The likelihood of open warfare between Gov. Jerry Brown and civil rights attorney Molly Munger, who have rival tax increase measures on the November ballot, has increased with the formation by Brown's supporters of a committee to oppose Munger.
Stop the Middle-Class Income Tax Hike--No on Prop. 38 has filed a statement of organization with the secretary of state's office, with political consultant Jason Kinney as treasurer and Dr. James Hay, president of the California Medical Association, as its "principal officer." The CMA supports Brown's Proposition 30.
Proposition 30 would raise sales taxes slightly but would derive most of its revenue from hefty increases in income taxes on taxpayers with taxable incomes of $250,000 or more. Although billed as a measure to support schools, its proceeds would generally close a chronic deficit in the state budget.
Munger's measure, which is backed by the PTA, would raise income taxes on all but the lowest income taxpayers and its proceeds would boost school spending.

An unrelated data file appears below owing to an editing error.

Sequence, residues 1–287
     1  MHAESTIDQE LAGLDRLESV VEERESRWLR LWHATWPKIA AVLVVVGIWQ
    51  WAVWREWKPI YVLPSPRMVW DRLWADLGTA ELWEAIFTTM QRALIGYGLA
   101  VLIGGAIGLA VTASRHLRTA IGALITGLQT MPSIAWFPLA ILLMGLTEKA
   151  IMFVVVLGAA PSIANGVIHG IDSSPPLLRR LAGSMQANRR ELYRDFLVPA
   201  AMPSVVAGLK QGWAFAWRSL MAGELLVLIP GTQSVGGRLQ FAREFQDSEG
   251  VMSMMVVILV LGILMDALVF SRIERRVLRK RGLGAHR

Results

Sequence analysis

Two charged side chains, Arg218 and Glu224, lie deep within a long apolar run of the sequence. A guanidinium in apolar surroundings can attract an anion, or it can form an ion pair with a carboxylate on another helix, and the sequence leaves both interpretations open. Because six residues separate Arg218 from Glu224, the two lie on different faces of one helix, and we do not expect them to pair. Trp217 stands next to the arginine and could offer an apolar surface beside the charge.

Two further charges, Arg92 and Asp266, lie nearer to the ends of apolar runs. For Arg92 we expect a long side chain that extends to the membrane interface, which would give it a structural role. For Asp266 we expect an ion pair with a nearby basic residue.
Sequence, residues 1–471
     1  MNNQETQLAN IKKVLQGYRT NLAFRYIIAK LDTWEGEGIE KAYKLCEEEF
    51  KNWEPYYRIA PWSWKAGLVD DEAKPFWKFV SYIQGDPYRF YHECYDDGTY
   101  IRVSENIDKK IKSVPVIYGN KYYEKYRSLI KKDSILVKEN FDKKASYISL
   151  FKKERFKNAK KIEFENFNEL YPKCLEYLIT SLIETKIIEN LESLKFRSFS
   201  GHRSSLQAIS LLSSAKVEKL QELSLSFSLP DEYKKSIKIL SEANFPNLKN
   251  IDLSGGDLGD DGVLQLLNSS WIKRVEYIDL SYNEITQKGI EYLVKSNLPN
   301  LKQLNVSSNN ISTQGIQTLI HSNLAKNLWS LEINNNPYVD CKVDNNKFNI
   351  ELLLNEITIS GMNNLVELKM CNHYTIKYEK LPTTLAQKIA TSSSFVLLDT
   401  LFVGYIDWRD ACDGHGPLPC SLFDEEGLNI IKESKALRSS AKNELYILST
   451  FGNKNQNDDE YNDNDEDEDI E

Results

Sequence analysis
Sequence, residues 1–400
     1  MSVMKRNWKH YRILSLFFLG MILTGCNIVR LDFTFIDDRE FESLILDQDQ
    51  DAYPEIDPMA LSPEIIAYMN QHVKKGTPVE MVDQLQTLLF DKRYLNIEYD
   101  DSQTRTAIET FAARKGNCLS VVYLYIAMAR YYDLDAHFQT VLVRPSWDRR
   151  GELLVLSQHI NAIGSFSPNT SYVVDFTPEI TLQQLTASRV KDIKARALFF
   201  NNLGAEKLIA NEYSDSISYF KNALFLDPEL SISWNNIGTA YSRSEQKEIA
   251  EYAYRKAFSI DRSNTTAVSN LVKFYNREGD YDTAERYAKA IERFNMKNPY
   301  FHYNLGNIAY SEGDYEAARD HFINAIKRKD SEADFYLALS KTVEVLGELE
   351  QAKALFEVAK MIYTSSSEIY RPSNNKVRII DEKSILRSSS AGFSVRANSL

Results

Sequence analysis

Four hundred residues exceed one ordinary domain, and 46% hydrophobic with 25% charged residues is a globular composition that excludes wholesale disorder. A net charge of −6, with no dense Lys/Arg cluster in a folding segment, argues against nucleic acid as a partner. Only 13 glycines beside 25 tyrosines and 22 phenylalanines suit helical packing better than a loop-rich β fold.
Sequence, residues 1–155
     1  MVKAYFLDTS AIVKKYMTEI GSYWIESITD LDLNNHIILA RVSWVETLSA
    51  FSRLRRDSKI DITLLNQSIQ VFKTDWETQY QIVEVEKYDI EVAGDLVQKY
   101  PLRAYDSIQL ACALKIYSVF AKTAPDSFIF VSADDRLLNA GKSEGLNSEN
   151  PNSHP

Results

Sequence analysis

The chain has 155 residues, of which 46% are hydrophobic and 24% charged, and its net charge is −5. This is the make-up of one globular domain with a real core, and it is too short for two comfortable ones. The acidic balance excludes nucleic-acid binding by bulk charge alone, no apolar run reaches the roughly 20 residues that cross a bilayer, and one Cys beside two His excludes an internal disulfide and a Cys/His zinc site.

Brown attempted to persuade Munger to drop her measure but she refused. As part of the state budget, the Legislature passed a bill to elevate Brown's measure to the top of the ballot and Munger attempted, in vain, to block the shift with a lawsuit.
While polls indicate that Brown's measure has bare majority support, Proposition 38 falls below 50 percent, largely because it would hike income taxes on a wider segment of socety. And that appears to be the focus of the new anti-Munger committee.
The anti-Proposition 38 group has also submitted ballot pamphlet arguments against the measure signed by Sen. Ted Lieu, D-Torrance, and officlals from the California State Sheriffs' Association and the California Faculty Association.
Munger has criticized Brown's measure for purporting to bolster school spending while giving little or no new money to education, but has not indicated yet whether she'll finance an opposition campaign to Proposition 30.